Furthermore, I absolutely agree with other commentators who have said that Brittle With Relics is,
‘… oral history at its revelatory best: containing multitudes and powerfully evoking that most remote of times, the day before yesterday.’ David Kynaston.
‘… a testament to the brutal circumstances that bonded the communities of Wales into a new polity for the 21st century.’ Gruff Rhys.
‘… hanes y Cymry – the history of the people. Like a jolt to the heart to wake you up from a deep sleep.’ Gwenno Saunders.
This book features ninety-seven Voices in total, including (but not necessarily in this order): Neil Kinnock, Rowan Williams, Leanne Wood, Gruff Rhys, Michael Sheen, Nicky Wire, James Dean Bradfield and Siân James; Welsh-language activists; members of former mining communities, and many more, making Brittle With Relics a vital living history of a nation determined to survive, while maintaining the hope that Wales will one day thrive on its own terms.
‘A phenomenal community of contingent voices. An essential telling of Welshness that contains a powerful reflection of Englishness, too.’ Emma Warren.
Names of the ninety-seven Voices are marked in bold as they are presented throughout the text within each of the sixteen chapters. There’s a handy reference section at the beginning, listing all the Voices alphabetically, along with a brief description of each person. As I read, it was easy for me to ‘hear’ those distinctive individual Voices, and I was also delighted to discover how many of them I knew, or had met, or had heard of – people like Dafydd Iwan, folk-singer, Welsh-language activist, former president of Plaid Cymru, former chair of Cymdeithas yr Iaith Gymraeg.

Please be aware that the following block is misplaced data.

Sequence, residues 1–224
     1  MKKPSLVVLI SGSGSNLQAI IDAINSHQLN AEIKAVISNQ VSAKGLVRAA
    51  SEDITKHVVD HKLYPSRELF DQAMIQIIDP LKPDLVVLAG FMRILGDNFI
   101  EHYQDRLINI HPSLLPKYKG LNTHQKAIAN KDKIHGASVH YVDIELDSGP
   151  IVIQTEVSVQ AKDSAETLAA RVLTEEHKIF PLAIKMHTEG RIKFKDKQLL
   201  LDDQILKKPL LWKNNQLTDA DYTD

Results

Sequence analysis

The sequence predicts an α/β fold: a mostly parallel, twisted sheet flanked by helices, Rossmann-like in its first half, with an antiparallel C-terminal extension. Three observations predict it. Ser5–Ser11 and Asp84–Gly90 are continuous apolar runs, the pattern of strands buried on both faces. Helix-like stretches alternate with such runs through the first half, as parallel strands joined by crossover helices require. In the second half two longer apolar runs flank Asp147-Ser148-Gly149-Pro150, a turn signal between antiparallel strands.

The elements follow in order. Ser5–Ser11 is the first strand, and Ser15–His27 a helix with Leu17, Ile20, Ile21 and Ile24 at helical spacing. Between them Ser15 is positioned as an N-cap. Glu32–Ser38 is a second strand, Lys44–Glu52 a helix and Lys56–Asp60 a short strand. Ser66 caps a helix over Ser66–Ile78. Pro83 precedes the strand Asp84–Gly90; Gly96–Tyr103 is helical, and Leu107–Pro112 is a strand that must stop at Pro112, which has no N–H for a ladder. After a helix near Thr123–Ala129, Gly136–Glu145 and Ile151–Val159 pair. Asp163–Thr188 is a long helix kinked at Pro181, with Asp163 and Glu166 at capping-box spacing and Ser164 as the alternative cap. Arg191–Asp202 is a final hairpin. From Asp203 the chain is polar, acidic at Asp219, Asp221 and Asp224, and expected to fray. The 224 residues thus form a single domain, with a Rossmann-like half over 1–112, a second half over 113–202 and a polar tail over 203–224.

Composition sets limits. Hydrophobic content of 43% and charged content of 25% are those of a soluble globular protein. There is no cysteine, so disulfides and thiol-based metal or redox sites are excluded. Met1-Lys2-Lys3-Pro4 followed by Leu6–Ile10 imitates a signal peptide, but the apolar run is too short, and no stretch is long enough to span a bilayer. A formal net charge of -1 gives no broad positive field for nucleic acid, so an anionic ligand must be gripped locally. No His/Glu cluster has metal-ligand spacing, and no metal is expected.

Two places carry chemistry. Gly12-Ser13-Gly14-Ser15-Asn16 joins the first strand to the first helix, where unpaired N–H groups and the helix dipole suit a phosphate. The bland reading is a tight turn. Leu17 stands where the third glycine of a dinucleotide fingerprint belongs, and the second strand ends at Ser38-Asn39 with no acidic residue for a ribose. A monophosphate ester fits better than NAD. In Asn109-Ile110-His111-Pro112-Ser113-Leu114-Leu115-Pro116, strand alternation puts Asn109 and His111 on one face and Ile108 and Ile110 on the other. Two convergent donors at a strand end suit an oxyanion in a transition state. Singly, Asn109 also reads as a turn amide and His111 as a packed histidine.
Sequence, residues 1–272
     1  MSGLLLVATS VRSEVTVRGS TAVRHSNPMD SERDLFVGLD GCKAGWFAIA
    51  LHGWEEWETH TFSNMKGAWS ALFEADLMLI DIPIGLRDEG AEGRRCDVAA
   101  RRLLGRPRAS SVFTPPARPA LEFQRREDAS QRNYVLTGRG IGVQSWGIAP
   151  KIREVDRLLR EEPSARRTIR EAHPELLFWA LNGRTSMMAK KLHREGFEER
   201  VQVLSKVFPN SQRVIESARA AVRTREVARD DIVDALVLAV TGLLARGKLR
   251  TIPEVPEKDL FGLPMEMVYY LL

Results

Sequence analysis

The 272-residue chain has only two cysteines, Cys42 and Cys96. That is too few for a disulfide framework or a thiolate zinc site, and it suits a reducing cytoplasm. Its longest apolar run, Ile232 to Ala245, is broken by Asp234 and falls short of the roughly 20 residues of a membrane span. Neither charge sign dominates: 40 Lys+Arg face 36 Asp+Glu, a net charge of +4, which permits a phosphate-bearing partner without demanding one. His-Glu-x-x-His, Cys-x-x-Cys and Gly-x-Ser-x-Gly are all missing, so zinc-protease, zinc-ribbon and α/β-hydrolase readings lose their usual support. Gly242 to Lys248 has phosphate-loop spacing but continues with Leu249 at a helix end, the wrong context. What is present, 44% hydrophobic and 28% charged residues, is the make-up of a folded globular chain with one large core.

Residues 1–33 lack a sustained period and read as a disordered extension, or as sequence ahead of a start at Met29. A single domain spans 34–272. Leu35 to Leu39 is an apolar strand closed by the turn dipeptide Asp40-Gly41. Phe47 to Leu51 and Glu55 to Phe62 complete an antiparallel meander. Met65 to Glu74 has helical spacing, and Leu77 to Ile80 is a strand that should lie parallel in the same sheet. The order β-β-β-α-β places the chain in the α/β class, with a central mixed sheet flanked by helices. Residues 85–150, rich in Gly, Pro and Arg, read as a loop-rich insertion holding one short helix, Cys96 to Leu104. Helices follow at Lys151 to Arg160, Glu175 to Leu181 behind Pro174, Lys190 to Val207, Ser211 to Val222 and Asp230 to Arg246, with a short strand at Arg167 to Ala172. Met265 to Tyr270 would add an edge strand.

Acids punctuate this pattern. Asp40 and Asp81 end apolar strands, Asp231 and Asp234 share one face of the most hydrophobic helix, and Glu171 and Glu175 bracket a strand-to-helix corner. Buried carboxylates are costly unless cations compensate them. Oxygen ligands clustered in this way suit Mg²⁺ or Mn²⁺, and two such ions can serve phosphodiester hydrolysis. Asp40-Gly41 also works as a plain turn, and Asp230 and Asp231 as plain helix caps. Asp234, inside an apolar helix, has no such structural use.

In my treasured 1970s Llyfr Llofnodion (Autograph Book), I’ve an undated handwritten signature and personalised message from Dafydd Iwan, that ends with a familiar flourish of words: ‘Cymru am Byth!’ (Wales Forever!). He sang at many’s the Noson Llawen (Happy Evening) I attended as a youngster at Neuadd Pentre Pumsaint, our nearby village hall, where I’d sing and dance along to his popular catchy Welsh songs. Indeed, he’s experiencing something of a comeback at the moment, since his timeless 1983 song, ‘YMA O HYR’ (‘Still Here’), has recently become a rousing chorus for crowds of fans to sing at Welsh international soccer matches.